Arnhem Land space centre could be used for missile testing

Two space companies have signalled the possibility of a defence force future for a remote base near the NT town of Nhulunbuy.

Equatorial Launch Australia (ELA) has signed an agreement with United States rocket company Phantom Space Corporation to collaborate on missions at the Arnhem Space Centre (ASC) in the NT.

Phantom, which has confirmed it has had links to the US Department of Defense, has voiced its hopes to mass-produce rockets and fire orbital rockets from the north-east Arnhem Land site by 2025.

Mark D Lester, Phantom's chief operating officer, said that "since the US and Australia remain close allies, it is possible we will conduct defence missions" at the Arnhem Space Centre in the future.

Northern Australia poised for influx of soldiers and spending in nations new missile age

The Northern Territory is poised to play a key role in Australia's future missile defences, according to a Top End MP, as the region prepares for an influx of soldiers and defence force spending.

The presence of the US Marines in Australia's Top End is also poised to grow in the years ahead, with the review recommending an increase to the annual rotation.

The report called for greater "engagement with the US on deterrence, including through joint exercises and patrols; and strengthening Australia's sovereign military and industrial capabilities".

Dr Coyne said this could play out through the arrival in the north of more US ships and fighter jets annually.

"There's a strong possibility that we'll see more often, more frequent US Navy ship visits," he said.

"Certainly we're most likely to see a greater rotational force of US air force craft through northern Australia."

Federal government MP Luke Gosling said the country's north would be prepared to play its part. "There's no doubt that the Northern Territory and the Top End will be part of the [nation's] missile story," he said. "Why? Because we're defending Australia, and obviously, you can get more range into the northern approaches to Australia from the Top End."

Strategist calls for long-range Top End missiles

Defence strategist Paul Dibb has urged the upgrade of the RAAF’s Top End “bare bases”, saying the government’s $1.1bn investment in RAAF Base Tindal is a “clear sign of the deteriorating security environment”.

Professor Dibb, who sounded the alarm over the vulnerability of Australia’s north in a landmark 1986 review, also called on the government to consider the acquisition of land-based missiles, to give the nation a credible long-range strike capability.

“We need strike, with significant range. Not short-range. The days of just sitting offshore are gone,” the Australian National University scholar and former intelligence chief said.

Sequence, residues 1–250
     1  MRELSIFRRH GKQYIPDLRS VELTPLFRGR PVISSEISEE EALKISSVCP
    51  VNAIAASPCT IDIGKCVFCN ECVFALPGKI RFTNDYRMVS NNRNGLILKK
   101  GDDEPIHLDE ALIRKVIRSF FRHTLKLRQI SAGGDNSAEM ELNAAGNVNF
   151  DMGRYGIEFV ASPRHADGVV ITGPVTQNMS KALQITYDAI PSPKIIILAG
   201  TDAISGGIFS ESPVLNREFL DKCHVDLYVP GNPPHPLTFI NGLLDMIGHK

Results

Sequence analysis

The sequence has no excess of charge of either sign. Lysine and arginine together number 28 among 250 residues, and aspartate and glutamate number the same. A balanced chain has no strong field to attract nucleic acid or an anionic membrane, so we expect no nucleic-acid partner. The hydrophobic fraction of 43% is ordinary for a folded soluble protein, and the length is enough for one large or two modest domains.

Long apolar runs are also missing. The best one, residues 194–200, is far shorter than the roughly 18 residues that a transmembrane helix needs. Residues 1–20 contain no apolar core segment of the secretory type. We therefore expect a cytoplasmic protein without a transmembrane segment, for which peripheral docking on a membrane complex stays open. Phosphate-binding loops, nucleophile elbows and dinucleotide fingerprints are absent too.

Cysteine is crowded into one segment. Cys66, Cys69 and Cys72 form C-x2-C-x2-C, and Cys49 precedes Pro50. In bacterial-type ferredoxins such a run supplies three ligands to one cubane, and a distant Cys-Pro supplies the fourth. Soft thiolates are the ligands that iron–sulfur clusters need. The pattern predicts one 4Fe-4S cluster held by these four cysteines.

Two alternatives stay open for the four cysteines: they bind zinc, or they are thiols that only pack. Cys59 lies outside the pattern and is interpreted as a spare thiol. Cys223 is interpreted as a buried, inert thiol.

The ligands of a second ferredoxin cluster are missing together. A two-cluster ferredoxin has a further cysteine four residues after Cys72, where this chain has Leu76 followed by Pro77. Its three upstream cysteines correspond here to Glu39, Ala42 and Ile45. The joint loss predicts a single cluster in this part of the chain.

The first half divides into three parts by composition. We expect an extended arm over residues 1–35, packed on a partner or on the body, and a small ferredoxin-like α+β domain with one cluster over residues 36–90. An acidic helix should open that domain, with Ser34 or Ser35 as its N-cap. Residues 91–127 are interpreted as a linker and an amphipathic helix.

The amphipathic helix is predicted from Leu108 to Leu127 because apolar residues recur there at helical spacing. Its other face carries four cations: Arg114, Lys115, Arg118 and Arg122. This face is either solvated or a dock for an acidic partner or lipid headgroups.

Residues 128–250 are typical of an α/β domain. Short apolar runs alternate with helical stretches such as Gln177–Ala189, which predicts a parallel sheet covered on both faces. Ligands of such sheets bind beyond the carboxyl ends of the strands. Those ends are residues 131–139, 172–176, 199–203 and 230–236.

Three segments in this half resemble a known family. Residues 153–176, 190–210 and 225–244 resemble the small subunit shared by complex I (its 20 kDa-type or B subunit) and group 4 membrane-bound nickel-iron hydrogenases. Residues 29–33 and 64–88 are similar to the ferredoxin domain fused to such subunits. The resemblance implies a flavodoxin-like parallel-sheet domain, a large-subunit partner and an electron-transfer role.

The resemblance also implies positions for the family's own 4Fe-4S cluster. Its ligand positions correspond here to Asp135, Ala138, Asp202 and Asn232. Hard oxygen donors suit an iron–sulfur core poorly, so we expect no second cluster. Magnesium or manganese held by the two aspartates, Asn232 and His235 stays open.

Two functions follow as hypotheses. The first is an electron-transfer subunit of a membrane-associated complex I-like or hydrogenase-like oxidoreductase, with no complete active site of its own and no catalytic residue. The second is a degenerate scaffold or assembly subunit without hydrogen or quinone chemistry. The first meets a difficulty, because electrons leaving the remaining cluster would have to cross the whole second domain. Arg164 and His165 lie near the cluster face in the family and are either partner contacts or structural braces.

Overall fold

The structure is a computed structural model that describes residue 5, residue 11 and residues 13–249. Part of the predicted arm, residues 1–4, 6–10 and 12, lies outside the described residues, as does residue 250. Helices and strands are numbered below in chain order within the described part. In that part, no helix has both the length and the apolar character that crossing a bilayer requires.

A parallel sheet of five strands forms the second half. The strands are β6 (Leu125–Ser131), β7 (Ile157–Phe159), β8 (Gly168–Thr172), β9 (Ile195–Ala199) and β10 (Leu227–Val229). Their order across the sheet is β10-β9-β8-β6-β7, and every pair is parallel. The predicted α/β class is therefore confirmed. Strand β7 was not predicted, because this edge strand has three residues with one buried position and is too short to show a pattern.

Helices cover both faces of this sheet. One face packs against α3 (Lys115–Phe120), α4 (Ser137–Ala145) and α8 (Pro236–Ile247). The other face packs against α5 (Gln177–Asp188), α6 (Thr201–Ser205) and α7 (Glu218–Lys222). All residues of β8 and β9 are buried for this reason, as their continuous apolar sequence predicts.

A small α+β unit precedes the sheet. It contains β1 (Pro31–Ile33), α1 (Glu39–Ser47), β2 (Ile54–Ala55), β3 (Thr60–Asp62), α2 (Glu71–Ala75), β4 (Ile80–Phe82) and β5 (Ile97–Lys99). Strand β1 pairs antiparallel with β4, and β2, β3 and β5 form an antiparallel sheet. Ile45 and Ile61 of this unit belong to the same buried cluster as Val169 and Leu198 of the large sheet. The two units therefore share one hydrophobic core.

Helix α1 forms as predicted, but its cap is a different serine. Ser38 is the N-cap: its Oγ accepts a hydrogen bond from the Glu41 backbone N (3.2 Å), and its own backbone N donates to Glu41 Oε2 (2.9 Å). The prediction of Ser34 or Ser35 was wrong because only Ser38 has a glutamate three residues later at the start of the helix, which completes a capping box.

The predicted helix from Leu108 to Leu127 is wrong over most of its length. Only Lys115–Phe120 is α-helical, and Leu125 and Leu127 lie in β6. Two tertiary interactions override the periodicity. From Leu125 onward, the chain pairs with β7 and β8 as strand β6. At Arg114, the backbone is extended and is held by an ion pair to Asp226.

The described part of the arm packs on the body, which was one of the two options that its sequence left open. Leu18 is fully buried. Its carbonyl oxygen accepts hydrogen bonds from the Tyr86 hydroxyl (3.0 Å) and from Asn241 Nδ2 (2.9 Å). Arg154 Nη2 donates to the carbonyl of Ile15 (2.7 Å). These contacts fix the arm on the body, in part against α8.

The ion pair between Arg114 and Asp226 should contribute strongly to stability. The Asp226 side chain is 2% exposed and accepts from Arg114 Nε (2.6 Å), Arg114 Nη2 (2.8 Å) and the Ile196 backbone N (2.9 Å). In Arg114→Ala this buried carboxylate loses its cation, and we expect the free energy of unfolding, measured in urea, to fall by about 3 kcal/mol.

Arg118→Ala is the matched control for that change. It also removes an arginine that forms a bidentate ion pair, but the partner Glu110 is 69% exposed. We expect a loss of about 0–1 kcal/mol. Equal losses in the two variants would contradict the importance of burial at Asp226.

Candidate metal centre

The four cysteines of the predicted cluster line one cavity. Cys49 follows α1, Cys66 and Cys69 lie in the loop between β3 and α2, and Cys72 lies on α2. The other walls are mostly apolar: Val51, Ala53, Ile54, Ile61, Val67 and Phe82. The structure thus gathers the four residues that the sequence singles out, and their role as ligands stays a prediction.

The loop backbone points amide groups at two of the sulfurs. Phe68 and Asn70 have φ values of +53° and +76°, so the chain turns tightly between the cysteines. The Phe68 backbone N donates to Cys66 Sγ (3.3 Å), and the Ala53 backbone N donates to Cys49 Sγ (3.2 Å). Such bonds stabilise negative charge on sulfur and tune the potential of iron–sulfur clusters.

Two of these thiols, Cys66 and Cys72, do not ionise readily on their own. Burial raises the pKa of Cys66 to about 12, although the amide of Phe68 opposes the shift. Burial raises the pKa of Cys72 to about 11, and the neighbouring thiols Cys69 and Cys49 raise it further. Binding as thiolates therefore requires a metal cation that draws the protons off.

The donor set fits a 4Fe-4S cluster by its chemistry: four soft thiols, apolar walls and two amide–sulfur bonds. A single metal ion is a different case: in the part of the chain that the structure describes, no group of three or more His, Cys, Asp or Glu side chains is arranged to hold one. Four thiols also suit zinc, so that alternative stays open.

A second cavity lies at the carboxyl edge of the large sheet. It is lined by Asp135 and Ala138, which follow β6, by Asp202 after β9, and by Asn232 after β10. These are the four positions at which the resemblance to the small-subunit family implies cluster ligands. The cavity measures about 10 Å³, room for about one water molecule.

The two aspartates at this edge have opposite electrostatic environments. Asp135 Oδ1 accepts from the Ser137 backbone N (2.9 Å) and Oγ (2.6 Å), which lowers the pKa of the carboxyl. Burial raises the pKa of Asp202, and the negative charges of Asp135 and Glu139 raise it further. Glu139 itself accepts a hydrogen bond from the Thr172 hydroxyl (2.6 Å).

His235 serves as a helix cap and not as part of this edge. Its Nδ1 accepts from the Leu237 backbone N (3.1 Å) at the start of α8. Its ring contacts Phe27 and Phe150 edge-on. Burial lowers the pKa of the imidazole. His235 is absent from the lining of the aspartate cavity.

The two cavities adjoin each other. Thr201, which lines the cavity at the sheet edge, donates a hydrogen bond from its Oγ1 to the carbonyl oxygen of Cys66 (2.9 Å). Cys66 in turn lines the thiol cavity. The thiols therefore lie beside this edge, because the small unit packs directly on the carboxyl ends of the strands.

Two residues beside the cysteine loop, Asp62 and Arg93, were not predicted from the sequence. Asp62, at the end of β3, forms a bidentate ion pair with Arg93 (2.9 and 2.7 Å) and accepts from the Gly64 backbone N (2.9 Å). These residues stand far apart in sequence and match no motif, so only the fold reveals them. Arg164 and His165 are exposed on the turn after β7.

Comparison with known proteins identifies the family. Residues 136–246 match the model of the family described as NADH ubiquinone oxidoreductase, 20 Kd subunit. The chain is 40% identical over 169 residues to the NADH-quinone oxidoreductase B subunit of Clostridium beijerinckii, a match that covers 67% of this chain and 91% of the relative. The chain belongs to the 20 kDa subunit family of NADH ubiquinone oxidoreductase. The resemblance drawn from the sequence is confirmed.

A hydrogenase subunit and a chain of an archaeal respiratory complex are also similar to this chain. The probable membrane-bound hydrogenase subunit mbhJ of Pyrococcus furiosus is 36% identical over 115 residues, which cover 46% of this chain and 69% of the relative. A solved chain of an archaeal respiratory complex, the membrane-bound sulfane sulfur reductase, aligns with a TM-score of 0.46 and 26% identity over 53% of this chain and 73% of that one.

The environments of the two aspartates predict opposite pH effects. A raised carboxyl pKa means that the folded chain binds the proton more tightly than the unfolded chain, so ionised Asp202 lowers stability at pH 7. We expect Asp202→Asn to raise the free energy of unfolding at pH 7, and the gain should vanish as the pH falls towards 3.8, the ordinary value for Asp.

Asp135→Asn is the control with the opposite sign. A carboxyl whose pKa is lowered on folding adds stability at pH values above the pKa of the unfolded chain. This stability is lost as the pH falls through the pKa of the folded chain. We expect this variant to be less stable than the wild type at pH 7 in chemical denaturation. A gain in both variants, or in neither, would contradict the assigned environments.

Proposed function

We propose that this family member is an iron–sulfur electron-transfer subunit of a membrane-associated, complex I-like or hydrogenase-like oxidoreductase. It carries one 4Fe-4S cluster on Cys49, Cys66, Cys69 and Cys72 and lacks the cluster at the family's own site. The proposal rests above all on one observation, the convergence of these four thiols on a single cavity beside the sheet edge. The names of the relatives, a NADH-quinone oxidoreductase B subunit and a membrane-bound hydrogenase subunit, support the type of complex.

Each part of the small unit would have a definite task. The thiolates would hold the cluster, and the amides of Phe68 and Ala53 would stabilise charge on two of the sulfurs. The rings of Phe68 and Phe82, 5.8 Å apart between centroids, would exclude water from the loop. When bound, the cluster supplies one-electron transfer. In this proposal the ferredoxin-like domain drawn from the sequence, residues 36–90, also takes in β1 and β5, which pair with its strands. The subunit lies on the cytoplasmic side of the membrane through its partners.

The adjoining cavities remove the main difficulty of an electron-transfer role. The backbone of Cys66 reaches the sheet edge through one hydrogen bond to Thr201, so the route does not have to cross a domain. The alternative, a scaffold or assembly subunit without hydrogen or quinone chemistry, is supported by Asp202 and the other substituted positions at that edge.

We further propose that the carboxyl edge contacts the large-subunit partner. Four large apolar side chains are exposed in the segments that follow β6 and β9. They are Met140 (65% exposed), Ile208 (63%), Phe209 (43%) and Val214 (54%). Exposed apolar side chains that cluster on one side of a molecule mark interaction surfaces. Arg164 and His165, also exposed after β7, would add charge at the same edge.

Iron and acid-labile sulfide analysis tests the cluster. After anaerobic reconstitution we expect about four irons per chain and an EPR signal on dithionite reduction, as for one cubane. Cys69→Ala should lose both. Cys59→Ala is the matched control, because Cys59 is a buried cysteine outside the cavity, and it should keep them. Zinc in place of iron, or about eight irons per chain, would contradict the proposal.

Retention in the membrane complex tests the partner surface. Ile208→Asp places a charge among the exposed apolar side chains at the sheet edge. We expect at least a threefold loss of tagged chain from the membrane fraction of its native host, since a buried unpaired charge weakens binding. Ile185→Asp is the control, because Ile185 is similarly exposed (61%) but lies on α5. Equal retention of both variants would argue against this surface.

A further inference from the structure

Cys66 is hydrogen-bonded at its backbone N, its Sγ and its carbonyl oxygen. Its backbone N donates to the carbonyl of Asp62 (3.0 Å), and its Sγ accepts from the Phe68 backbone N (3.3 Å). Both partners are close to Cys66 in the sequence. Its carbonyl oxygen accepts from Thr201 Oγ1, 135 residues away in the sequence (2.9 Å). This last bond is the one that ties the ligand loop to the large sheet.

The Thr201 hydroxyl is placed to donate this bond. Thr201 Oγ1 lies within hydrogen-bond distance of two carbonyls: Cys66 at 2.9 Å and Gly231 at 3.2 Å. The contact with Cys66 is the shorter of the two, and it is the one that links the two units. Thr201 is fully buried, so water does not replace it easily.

US Studies Centre defence analyst Brendan Thomas-Noone said USAF B-52s were likely to be “rotated through” RAAF Tindal.

“It’s about trying to present more targets for China to account for,” he said. “If you are able to land these bombers in Australia, in the Indian Ocean, in other parts of Southeast Asia, up in Alaska, that is a lot of different places that China would have to track, if there was a conflict.

The upgrade of the Tindal base will include major runway extensions, fuel stockpiles and engineering to support Australia’s new Joint Strike Fighters, US Air Force B-52 strategic bombers and RAAF KC-30 air-to-air refuellers.

More US air deployments under new alliance

Australia is open to boosting American troop rotations and increasing military plane visits as defence co-operation between the allies ramps up.

A historic pact to share nuclear-powered submarine technology - under the umbrella of a new alliance known as AUKUS - has been signed as Australian ministers held talks with counterparts in the United States.

Foreign Minister Marise Payne and Defence Minister Peter Dutton met with US Secretary of State Antony Blinken and Defense Secretary Lloyd Austin on Friday morning for the latest AUSMIN talks.

Mr Dutton said he aspired to increase troop rotations and other military co-operation between the two nations.

"If that includes basing and includes the storage of different ordinances, I think that is in Australia's best interests, in our national interests at this point in time."

US eyes Top End military build-up to combat China threat

The US wants to store munitions and defence equipment in Australia’s Top End under a bilateral force posture review to better prepare the ANZUS allies for growing strategic threats from China.

Mr Goldman said geostrategic tensions required a more “innovative defence partnership” between Australia and the US, including co-production of precision-guided weapons on Australian soil.

He said a bilateral force posture review working group, established following last year’s AUSMIN talks, had met for the first time ­earlier this month to discuss “a wide range of contingencies”.

Mr Goldman said it was too early to provide details on any new initiatives, but said pre-positioning US weapons in Australia offered strategic advantages.

Mr Goldman’s comments follow the US government’s announcement last year of a $15m contract to build an earth-covered weapons magazine and munitions conveyor at RAAF Base Tindal, south of Darwin, as well as upgraded fuel storages.